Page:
I was never one of those girls growing up that just loved babies. I didn't spend my weekends babysitting for extra money, and I can only recall one time in my 20s looking after my friend's 9 month old. Babies are totally sweet, and I've always wanted to be a mother, but I'm actually just not a baby person — not even after having one myself.
When I daydreamed about my future family, it was never filled with visions of swaddling a newborn and rocking them to sleep as I blissfully peered down at them. Instead, I always imagined things like playing outside with school-age children and chatting to my future daughter about books or sports or hair. I've always loved having conversations with kids, too — the way they see the world and the thoughts they come up with are both amusing and enlightening. I've also worked with teenagers for a living (and loved it) for most of my adult life. I used to jokingly tell people, “I'm going to be an expert once my kids are teens, but I'll fumble through the infant and toddler stage.” And even though my baby is the light of my life, that's still kind of true.
Thinking about getting pregnant and having a baby on my hands honestly intimidated me. My natural personality isn't suited to baby-rearing, really. I'm totally a nurturer, but I like my personal space. Being around a baby is pretty consuming, and that's why I never gravitated towards them. I like to talk and reason, and obviously interaction with a baby is often one-sided. So going into biological motherhood, I was concerned I wouldn't absolutely love this first stage of childhood. However, nine months into this gig, I'm happy to say that even without being a baby person, I found the ability to not only cope with a new baby, but to also enjoy her infant stage. And I've learned so much about selflessness, patience, and personal sacrifice too.
I feel like if I were to say it out loud that I'm so happy I became a mother, but I'm not fully digging this baby stage, people would assume I was ungrateful or insecure about the job I was doing as my daughter's mother. But that's not at all what I mean.
All that said, though, that still doesn't mean I'd ever call myself a baby person. I'm certainly a lot more interested in my friends' babies and those in my community now that I have a baby, but right now, my own is enough for me — I still don't have the inclination to hold or cuddle other babies I meet. I still appreciate their presence and the other mothers' joys from a distance, even if that distance has lessened since having my own baby and understanding that experience.
Not being a baby person has also heightened my need to balance my desire for an older child with enjoying where my daughter is now. I'll catch myself saying, “I can't wait for her to be able to [fill in the blank].” I've literally needed to stop myself mid-sentence because I definitely don't want to wish her life away. On the one hand, I'm proud that I don't try to negatively hold on to her babyhood, but on the other hand, I want to be intentional about savoring these moments even if they never stood out to me as the “ideal” stage.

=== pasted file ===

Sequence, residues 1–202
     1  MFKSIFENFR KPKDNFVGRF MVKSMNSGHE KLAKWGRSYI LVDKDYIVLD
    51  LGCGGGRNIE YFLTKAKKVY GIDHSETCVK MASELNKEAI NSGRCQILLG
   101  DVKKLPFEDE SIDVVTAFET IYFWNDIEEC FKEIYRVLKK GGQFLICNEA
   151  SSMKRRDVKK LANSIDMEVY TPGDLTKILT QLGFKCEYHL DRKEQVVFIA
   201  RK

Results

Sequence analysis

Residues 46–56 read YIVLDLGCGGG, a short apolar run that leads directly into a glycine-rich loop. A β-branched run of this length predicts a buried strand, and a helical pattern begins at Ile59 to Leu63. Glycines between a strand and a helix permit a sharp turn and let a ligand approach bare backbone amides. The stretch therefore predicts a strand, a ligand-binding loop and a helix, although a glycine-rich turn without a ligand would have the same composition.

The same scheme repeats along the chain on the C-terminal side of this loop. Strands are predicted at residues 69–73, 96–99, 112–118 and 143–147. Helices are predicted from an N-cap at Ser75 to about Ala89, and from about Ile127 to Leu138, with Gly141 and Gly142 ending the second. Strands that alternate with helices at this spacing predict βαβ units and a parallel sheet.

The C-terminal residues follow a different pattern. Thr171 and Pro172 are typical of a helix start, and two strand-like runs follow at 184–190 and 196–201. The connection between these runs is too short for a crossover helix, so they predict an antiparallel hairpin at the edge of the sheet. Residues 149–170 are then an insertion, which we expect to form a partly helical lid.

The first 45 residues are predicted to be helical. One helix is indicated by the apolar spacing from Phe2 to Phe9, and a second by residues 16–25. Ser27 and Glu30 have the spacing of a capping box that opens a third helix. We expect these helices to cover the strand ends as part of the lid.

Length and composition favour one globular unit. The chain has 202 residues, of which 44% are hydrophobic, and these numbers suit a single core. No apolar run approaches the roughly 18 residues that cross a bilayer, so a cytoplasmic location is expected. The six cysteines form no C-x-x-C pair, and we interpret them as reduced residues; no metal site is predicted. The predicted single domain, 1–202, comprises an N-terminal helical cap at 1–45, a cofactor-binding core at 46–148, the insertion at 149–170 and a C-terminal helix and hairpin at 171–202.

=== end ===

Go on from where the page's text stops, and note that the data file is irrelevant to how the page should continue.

Another older mom once told me, “You are living the best time in your life now, aren't you?” as if my best days are only in this stage of my daughter's life.
Another thing about not being a baby person but being a mother to a baby is being misunderstood. I feel like if I were to say it out loud that I'm so happy I became a mother, but I'm not fully digging this baby stage, people would assume I was ungrateful or insecure about the job I was doing as my daughter's mother. But that's not at all what I mean. I'd likely get slammed with reassuring comments like, “of course you're doing a good job — she's growing so healthy!” and, “this is the best stage — when they're older you'll wish they were young again.” I'm not actually questioning my abilities as a mother or my baby's development, and I'm not determining which phase in her life is better. I'm stating a simple fact that, for me (and I know I'm not the only one), I know I don't have to be a baby person to be a parent. And it's not wrong for me to be excited about a stage yet to come for my daughter. In fact, shouldn't I be looking forward to all of the varied chapters of her life?
A lady in the grocery store recently told me as she admired my daughter, adding, “This is a great time in their life. They're cute and innocent. I have a 16 year old now, and I hate teenagers.” She was probably joking, but I wondered if she realized what she sounds like using a strong word like hate with a stranger. Another older mom once told me, “You are living the best time in your life now, aren't you?” as if my best days are only in this stage of my daughter's life. Maybe it was a harmless statement, but from her tone I couldn't help but feel like I heard sadness in her voice.
I want to live knowing every stage in my own life has been the best and that there's even more to come. And now that I'm a mom, I especially want that for my daughter. Comments like this from strangers and well-meaning peers alike has added an unnecessary pressure (and the feeling like I need to be something I'm not) to indulge and overemphasize this baby stage. The thing is, I don't want to overemphasize any of my child's ages and stages, not even the ones I'm looking forward to the most. I may not be a baby person, but I'm trying to be the best parent I can be anyway, and the pressure to enjoy this stage "while it lasts" just feels inauthentic for both my daughter and me.